Just because President Trump’s baseless accusations of bias in Google search results are likely another sideshow doesn’t mean the search giant doesn’t have real political troubles.
Google’s unofficial motto has long been the simple phrase “don’t be evil.” But that’s over, according to the code of conduct that Google distributes to its employees. The phrase was removed sometime in late April or early May, archives hosted by the Wayback Machine show.
A little under five years ago, I got angry about a piece of fake information, and I decided to do something about it. I was reading a recipe in the New York Times, and the recipe told me, as many, many recipes had told me before, that it would take about 10 minutes of cooking to caramelize onions.
We trust Google not to be evil, but new evidence published by prominent psychologist Robert Epstein suggests that if it wanted to, Google could undermine democracy–simply by tweaking its search algorithm.
Google’s legal team has just announced that they’ll be buying as many patents as possible in order to “remove friction from the patent market” and defeat patent trolls, companies that buy patents just to sue people on bogus charges of infringement. But there’s a big problem with this strategy.
Google has a lesson for its employees: Don't tell the world how well we treat you, or you'll be fired. The company apparently told staff today it terminated the employee who leaked word of a 10 percent companywide pay raise.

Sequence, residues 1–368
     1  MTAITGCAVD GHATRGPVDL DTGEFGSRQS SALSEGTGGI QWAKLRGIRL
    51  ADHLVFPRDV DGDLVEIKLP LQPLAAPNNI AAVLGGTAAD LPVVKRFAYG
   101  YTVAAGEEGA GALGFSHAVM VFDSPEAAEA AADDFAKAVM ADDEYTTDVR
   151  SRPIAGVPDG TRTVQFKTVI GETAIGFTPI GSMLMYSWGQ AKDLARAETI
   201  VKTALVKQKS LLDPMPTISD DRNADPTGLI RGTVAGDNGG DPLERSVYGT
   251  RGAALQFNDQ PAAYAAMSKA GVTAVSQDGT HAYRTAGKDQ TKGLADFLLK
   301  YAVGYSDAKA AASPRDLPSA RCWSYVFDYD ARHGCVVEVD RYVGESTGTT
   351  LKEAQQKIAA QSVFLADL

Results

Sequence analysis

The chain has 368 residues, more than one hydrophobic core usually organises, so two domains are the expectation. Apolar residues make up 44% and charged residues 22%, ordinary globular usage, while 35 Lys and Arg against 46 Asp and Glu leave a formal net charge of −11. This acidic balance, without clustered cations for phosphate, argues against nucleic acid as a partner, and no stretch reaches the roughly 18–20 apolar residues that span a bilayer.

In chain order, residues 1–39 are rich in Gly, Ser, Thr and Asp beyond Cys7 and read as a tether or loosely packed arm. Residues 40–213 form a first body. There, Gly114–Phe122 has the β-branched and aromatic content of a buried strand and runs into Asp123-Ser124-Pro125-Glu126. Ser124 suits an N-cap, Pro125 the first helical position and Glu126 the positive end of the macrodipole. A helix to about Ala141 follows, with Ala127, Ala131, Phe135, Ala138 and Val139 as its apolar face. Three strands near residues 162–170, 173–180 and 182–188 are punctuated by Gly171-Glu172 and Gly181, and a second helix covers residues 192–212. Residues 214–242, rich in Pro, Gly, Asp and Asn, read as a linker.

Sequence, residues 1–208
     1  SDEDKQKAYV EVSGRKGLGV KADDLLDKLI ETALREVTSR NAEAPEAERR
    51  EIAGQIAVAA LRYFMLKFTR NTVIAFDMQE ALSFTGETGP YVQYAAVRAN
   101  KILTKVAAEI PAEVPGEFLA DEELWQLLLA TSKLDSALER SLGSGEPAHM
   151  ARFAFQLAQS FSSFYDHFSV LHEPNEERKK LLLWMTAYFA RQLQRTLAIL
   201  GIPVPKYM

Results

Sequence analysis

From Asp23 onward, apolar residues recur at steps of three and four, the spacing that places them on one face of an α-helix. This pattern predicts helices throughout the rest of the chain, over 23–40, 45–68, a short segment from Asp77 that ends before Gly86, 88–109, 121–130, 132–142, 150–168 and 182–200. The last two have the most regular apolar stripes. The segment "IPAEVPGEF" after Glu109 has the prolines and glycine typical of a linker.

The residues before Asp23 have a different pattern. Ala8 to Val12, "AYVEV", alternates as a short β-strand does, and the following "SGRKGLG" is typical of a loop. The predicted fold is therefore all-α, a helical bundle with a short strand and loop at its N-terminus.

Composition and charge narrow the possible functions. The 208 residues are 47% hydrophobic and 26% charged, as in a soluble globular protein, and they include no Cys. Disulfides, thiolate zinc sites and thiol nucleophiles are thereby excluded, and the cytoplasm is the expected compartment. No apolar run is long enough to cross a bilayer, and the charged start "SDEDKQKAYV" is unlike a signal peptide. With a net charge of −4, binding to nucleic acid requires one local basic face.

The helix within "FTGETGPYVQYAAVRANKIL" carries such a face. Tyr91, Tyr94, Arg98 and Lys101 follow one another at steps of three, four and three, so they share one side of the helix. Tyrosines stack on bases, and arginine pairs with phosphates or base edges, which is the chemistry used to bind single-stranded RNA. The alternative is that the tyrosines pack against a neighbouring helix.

For all the fuss about how Google handles the scads of personal data they have access to—even within the company itself—xkcd's actually a perfectly simple, straightforward, funny explanation for why we should all just calm down.
Look, this video plays pretty loose with the facts. But there's no question that it speaks to those deeper concerns about Google: that it's so big, so invasive. And when you add it all up, the final picture's a little scary.
During that Apple town hall meeting we mentioned earlier this week CEO Steve Jobs reportedly had some choice words regarding Google that left little doubt about how the outspoken executive sees the competition. Updated.